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Olympic gold medalist not giving up hope

DENVER -- Olympic gold medalist Tyler Hamilton got back on
his bicycle for a training ride Tuesday morning, saying the fight
isn't over after his two-year suspension for a blood-doping
violation.

Hamilton, who has consistently denied any doping violation, said
he plans to appeal Monday's suspension to the Court of Arbitration
for Sport in Switzerland within the next three weeks.

"Hopefully, the CAS hearing can go relatively quick and I can
salvage part of the season," Hamilton said in an interview from
his home in Boulder, about 30 miles northwest of Denver. "I'm
still not giving up hope."

The U.S. Anti-Doping Agency said an independent panel of
arbitrators had voted 2-1 to suspend Hamilton for receiving a
transfusion of another person's blood. Hamilton tested positive for
doping, which can increase endurance by providing additional
oxygen-carrying red blood cells, during the Spanish Vuelta last
Sept. 11.

Hamilton will keep his gold medal from the time trial at the
Athens Games, but forfeits all competitive results since the date
of the positive test. He can return to competition April 17, 2007.

"This is not just about me, this is about all athletes,"
Hamilton said. "Yesterday was a black day for all athletes,
especially athletes competing in non-unionized sports. I can
guarantee you this test would never have been approved in a
unionized sport."

USADA's arbitrators said it was the first case ever based on the
type of doping test used on Hamilton. It was designed to detect the
presence of someone else's red blood cells, which the arbitrators
said almost always indicates a transfusion.

During his arbitration hearing, Hamilton criticized the testing
method used by the Union Cycliste International, the sport's
international governing body.

Arbitrator Chris Campbell also expressed doubts about the
method. He said a peer-reviewed study of the test method -- and the
Swiss laboratory that used it -- failed to calculate the rate of
false positives. At the same time, he wrote, the study demonstrated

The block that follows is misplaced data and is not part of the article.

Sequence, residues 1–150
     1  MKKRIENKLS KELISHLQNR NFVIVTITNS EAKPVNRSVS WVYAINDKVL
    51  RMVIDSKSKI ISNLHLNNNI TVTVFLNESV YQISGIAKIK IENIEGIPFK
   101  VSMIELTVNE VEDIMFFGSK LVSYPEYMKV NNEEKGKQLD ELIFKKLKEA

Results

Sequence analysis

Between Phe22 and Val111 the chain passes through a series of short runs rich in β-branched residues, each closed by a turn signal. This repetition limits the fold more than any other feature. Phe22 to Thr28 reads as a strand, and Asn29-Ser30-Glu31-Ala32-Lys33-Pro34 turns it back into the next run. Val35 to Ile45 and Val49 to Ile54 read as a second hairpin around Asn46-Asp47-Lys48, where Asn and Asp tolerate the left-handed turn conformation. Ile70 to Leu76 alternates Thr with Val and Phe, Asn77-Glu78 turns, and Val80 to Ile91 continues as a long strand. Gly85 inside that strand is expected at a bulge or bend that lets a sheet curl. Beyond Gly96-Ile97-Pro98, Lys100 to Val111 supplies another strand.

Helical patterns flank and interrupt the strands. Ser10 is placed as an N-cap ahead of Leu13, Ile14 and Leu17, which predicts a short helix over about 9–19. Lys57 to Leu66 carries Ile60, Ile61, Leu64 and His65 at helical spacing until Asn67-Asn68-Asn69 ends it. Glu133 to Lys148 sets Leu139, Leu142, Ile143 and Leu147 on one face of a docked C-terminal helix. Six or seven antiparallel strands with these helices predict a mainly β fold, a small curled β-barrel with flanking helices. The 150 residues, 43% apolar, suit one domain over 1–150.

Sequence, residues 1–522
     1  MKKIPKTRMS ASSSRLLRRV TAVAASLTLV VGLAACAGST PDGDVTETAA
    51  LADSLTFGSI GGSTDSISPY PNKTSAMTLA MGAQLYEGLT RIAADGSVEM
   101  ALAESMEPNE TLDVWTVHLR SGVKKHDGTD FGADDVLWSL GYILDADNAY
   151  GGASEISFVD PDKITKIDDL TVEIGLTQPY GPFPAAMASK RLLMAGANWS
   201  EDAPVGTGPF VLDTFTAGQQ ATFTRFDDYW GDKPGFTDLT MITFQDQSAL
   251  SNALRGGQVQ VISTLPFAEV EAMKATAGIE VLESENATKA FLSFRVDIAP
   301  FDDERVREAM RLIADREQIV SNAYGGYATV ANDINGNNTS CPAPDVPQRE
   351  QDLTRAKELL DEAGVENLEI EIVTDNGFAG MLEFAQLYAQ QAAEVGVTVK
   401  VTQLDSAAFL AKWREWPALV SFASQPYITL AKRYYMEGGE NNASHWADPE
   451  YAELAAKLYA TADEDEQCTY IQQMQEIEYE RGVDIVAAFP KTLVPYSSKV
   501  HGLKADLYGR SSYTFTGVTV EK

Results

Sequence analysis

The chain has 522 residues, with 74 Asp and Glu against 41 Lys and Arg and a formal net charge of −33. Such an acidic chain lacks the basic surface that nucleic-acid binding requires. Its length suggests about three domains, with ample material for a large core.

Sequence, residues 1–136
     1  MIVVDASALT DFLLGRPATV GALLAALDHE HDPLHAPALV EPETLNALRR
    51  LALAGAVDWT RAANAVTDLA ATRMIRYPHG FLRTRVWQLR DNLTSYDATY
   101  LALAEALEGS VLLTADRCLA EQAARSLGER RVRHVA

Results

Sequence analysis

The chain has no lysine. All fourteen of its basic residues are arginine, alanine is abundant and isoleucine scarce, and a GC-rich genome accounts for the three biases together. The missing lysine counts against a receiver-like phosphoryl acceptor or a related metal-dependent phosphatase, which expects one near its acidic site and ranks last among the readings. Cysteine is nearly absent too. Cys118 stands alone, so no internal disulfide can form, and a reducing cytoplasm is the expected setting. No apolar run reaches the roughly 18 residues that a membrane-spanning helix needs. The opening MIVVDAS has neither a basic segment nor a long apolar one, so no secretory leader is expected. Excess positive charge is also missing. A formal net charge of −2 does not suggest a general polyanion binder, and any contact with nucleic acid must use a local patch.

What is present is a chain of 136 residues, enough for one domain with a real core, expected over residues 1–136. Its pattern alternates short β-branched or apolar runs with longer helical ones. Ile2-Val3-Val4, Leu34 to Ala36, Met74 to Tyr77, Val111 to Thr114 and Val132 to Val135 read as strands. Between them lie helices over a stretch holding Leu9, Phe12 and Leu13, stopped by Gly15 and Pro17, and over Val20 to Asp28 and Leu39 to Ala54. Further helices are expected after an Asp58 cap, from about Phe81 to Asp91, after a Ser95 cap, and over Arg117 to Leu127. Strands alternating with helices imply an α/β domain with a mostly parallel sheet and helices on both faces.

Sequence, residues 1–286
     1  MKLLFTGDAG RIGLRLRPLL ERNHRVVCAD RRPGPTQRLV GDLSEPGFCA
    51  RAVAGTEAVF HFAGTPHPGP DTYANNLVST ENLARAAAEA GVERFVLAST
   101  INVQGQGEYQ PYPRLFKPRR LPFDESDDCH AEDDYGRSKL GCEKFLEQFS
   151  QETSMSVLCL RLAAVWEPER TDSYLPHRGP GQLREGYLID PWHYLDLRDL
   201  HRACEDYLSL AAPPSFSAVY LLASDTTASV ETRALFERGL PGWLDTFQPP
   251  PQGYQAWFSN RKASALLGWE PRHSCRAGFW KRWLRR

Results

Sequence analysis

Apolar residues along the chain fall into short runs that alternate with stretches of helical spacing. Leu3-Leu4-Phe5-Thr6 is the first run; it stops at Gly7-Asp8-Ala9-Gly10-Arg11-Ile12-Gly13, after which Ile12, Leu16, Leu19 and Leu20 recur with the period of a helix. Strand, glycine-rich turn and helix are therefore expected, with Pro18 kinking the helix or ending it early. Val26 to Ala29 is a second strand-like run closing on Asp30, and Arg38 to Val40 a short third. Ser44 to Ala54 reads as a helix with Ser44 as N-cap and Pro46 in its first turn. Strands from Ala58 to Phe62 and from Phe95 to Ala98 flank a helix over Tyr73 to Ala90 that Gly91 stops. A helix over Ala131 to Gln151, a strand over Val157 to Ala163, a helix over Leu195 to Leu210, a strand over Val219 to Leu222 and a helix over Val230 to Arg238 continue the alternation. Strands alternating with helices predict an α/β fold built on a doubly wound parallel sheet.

several ways false positive results could occur.

"The (test method) has not been validated in a manner
acceptable to the scientific community. It should not be used to
test athletes at this time," Campbell wrote. "The case against
Mr. Hamilton should be dismissed."

The majority arbitration decision said Hamilton's Sept. 11
positive test "has a very high probability of having (been) caused
by a blood transfusion," and an "extremely low" probability of
having been caused by a rare condition that could result in a
person having two different types of red blood cells.

Hamilton said he was shocked by the suspension.

"I had high hopes of racing as soon as next week, but obviously
that's not going to happen," he said. "My chances of racing in
this year's Tour de France are slim to none. That's what got me out
of bed every morning."

Campbell, the arbitrator, also said a lab test of a Hamilton
blood sample from the Athens Games a month before the Spanish race
was negative, but a group formed by the International Olympic
Committee later ruled the sample was positive. That case was
dropped after a backup blood sample was destroyed. Campbell also
said the Sept. 11 blood sample had a significantly lower indication
of doping than the sample taken during the Olympics.

Based on blood tests done in spring and summer 2004, UCI had
warned Hamilton and his Phonak team that he was under suspicion.

"UCI took the necessary action to protect the integrity of its
sport," said Terry Madden, USADA's chief executive officer. "This
decision shows that sport is committed to protecting the rights of
all clean athletes and that no athlete is above the rules."

Hamilton was considered a possible successor to six-time Tour de
France winner Lance Armstrong. The two were once teammates on the
U.S. Postal Service team. Hamilton finished fourth in the 2003 Tour
despite a broken collarbone.

Hamilton earned a six-figure salary with Phonak and has
endorsement deals with Nike, Oakley and other sponsors. The team
fired Hamilton in November, nearly a year before his contract was
set to expire. Hamilton has said he agreed to leave to improve
Phonak's chances of competing on this year's UCI Pro Tour.